In binary search we find the mid element of our set. Let us say that our set or array is sorted in increasing order. If key is equal to the value of mid element we want to search then we return the value. If key is less than value of mid element then we consider the left half of array repeat the process. If key is greater than value of mid element then we consider the right half of array and repeat the process. Once we exhaust the resulting array to last one value by repeatedly dividing in half and still we have not found the value then the key is not found.

First let us see an iterative version of the algorithm:

```
#include <stdio.h>
#include <stddef.h>
int main()
{
size_t first, last, middle, search;
size_t array[10] = {0, 1, 2, 3, 4, 5, 6, 7, 8 ,9};
printf("Enter value to find\n");
scanf("%zu", &search);
first = 0;
last = 9;
middle = (first+last)/2;
while (first <= last) {
if (array[middle] < search)
first = middle + 1;
else if (array[middle] == search) {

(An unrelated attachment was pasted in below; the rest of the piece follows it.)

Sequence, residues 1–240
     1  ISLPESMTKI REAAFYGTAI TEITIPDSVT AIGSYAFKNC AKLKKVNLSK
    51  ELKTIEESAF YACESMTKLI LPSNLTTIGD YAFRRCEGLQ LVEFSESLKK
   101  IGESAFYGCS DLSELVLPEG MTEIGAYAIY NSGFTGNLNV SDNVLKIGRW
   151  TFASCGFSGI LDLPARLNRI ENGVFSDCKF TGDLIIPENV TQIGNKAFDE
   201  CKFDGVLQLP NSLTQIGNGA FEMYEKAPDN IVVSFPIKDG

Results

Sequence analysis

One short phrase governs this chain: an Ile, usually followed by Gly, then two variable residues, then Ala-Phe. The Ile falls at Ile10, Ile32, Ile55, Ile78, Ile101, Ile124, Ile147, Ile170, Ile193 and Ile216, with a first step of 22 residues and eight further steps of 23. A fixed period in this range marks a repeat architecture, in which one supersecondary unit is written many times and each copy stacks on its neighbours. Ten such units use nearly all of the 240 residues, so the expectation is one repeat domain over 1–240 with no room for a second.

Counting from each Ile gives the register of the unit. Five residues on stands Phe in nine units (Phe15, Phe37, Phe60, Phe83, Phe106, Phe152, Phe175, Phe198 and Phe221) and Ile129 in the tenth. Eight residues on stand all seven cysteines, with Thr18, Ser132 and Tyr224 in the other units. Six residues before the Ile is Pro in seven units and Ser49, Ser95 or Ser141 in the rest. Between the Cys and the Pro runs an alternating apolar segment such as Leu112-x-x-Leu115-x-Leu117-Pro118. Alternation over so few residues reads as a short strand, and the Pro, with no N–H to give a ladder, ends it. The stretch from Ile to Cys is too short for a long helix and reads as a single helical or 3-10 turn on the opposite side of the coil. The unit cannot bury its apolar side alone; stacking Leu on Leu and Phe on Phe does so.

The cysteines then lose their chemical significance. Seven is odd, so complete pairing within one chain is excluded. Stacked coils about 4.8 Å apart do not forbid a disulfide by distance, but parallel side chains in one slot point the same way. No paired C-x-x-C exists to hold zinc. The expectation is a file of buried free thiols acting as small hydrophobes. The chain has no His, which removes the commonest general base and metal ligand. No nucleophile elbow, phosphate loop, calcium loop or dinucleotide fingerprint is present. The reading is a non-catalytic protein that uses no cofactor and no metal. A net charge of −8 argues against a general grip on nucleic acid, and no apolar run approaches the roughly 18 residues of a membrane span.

printf("%zu found at location %zu.\n", search, middle);
break;
}
else
last = middle - 1;
middle = (first + last)/2;
}
if (first > last)
printf("Not found! %zu is not present in the list.\n", search);
return 0;
}
```

Now let us see recursive version:

```
#include <stdio.h>
#include <stddef.h>
void binary_search(size_t *a, size_t first, size_t last, size_t search)
{
size_t middle = (first+last)/2;
if (first > last) {
printf("Not found! %zu is not present in the list.\n", search);
return;
} else {
if (a[middle] < search)
first = middle + 1;
else if (a[middle] == search) {
printf("%zu found at location %zu.\n", search, middle);
return;
}
else
last = middle - 1;
}
binary_search(a, first, last, search);
}
int main()
{
size_t first, last, search;
size_t a[10] = {0, 1, 2, 3, 4, 5, 6, 7, 8 ,9};
printf("Enter value to find\n");
scanf("%zu", &search);
first = 0;
last = 9;
binary_search(a, first, last, search);
return 0;
}
```

While you may think that this solution is correct the truth cannot be farther from it. There is a gaping issue with the code presented above. Read the code again and see if you can find that. For the time being I will entertain you with a quote from Donald E. Knuth.

On the funnier side of life it is not that only novice programmers make mistakes. Even expert programmers make mistakes. John Bentley, author of very good books(Programming Pearls, More Programming Pearls and Writing Efficient Programs) assigned it as a problem in a course for professional programmers. Surprisingly, ninety percent could not write correct code even after several hours. Even his own implementation in 1986 print of Programming Pearls, contained an error which remained there for 20 years.